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Dawgs top defense bracing for Stanford’s Love

Stanford Washington F_Furm (3).jpg
Washington linebacker Joe Mathis (5) tackles Stanford quarterback Ryan Burns, right, in the first half of an NCAA college football game, Friday, Sept. 30, 2016, in Seattle. (AP Photo/Ted S. Warren)

By Bill Swartz

“Offense sells tickets, but defense wins championships,” is a popular saying in sports, especially college football. It is absolutely the success foundation for coach Chris Petersen’s Washington Husky program.

“If you’re going to have a really good team, it’s always going to start on defense. We’ve had good defenses for a long, long time. Everybody likes to talk about offense, or complain about offense, or brag about offense, but I think it always starts on defense,” said Petersen about one of the top defensive units in the country.

The Dawgs' 'D' is yielding just 240 yards and 11 points per game. The defense held a potent Oregon offense without a touchdown last Saturday. That hadn’t happened to the Ducks in a decade. Washington is also the only FBS team in the nation that hasn’t allowed a play over 40 yards.

Senior linebacker Keishawn Bierria says the UW defense is never convinced it has arrived.

“We understand how our defense plays and the standard we’ve set. Our type of coaching we have is the top in the country. It’s always like,"Job well done and let’s get back to it and do it again next week,' " said Bierria.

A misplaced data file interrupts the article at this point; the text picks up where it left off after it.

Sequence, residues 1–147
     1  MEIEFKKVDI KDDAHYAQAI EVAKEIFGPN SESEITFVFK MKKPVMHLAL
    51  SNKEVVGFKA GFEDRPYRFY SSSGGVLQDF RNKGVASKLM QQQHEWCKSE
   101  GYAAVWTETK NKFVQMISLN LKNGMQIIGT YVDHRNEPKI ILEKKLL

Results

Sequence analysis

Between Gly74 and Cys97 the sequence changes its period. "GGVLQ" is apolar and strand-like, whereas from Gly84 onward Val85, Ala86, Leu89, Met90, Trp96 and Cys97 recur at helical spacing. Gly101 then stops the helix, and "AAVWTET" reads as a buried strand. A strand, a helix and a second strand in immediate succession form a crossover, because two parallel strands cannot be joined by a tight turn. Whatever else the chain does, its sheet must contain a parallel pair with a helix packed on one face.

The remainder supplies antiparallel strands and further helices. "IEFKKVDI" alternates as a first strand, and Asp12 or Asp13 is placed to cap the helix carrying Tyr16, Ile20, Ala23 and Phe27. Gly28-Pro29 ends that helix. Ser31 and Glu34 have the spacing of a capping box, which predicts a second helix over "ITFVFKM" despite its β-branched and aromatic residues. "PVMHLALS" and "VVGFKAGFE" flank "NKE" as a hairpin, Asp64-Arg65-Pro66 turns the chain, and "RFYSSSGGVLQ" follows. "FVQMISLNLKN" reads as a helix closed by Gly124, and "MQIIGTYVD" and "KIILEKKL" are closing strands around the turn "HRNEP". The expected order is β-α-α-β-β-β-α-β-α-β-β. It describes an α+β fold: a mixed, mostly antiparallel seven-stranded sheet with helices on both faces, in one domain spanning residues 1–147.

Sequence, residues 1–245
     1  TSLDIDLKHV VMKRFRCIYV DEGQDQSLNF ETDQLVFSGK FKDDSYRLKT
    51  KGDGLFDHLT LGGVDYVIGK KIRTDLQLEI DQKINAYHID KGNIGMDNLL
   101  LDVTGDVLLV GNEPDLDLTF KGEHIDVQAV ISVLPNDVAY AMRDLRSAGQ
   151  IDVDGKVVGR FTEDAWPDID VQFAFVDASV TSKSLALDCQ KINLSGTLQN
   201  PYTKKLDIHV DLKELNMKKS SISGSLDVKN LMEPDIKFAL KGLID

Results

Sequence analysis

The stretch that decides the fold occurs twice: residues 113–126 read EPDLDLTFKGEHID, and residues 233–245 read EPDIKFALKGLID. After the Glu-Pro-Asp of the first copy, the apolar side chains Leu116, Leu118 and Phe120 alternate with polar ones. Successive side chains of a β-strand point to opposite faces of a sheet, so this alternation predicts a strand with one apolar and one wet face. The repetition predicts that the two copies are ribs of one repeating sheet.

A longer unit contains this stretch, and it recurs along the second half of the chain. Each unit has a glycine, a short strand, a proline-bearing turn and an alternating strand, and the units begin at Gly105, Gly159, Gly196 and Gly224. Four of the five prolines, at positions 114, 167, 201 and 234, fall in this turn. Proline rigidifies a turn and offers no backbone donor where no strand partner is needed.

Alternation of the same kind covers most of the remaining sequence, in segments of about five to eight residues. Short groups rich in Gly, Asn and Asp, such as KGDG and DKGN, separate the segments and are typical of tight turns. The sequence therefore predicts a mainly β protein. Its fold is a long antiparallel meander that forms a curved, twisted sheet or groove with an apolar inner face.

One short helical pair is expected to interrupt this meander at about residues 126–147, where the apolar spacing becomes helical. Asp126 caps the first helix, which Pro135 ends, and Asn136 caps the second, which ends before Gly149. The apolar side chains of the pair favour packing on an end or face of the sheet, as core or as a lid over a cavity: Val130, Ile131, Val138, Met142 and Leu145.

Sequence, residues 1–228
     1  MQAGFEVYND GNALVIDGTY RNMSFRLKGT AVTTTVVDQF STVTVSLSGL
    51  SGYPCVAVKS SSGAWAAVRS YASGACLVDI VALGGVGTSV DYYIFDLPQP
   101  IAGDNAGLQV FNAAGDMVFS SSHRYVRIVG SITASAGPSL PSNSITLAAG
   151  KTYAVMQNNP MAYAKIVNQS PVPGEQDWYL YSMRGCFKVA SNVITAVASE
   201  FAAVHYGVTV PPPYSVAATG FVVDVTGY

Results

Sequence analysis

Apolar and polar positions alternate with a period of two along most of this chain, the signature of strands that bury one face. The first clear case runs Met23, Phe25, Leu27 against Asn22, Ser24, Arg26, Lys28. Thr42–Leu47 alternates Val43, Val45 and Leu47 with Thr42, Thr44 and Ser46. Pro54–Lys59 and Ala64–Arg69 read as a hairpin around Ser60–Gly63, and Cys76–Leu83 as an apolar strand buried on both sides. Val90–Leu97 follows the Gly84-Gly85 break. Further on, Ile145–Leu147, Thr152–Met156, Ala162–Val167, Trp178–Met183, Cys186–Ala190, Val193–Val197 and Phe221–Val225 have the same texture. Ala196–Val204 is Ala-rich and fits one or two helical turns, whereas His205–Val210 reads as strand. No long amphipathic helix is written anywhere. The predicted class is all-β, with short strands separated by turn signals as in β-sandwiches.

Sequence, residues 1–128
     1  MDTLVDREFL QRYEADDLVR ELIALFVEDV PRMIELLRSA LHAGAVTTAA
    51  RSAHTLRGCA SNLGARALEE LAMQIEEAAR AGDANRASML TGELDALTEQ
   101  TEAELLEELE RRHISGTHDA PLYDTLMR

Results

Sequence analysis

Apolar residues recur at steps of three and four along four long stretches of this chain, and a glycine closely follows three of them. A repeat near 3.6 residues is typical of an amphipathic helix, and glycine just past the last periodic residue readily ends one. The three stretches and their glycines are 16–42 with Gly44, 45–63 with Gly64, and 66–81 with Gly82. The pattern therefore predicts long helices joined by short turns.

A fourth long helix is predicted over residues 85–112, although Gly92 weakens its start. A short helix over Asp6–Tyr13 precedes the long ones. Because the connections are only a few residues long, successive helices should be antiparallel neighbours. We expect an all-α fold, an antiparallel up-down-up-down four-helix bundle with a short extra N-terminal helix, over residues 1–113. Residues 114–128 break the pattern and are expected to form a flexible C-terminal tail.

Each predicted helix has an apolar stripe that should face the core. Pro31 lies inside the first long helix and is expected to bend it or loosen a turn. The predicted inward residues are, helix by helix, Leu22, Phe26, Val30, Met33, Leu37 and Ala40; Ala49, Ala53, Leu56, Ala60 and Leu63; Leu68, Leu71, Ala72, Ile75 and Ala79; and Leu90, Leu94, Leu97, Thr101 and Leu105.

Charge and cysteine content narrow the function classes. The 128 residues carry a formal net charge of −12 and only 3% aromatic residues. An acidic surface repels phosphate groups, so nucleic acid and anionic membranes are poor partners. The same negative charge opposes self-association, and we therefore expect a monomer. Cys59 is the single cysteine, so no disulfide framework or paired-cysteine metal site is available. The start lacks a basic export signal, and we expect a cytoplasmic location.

Petersen credits his assistant coaches with recruiting talented players, then putting them in the right position.

“It’s team defense. Everyone has their job ,and when you’re not having someone get out of position the next guys don’t have to try to overcompensate and do somebody else’s job. That’s when you get in trouble. When they have to run and get there they know where they’re supposed to be,” explained coach Petersen.

What the Husky defenders also do well is swarm to the football and make sure tackles in open space. You rarely see a linebacker or defensive back go for a big hit instead of wrapping up a ball carrier.

The Husky stop group has a major challenge this week. With a Friday night road game the team has less time for bodies to recover and to prepare for Stanford’s unique power running offense featuring Heisman Trophy candidate Bryce Love.

“He’s one of those guys who’s fast, strong and keeps his legs going at all times,” observed coach Petersen. “He bounces off and runs through arm tackles. Obviously he’s got really good vision. The way they put all those big offensive linemen, and you’re not sure where the crease is going to be, and he always finds it.”

Maybe it’s the harsh Pacific Northwest fall climate or the rugged outdoorsy reputation, but Washington Husky football fans have always appreciated outstanding defense. This current group of UDub defenders has a chance to be every bit as good as the 1984 or 1991 squads.

Friday Night Lights

Washington is playing its second Friday night game of the season at Stanford. Kickoff is set for 7:30 with pre-game coverage starting at 2:30 p.m. on KOMO newsradio am 1000/ fm 97.7.

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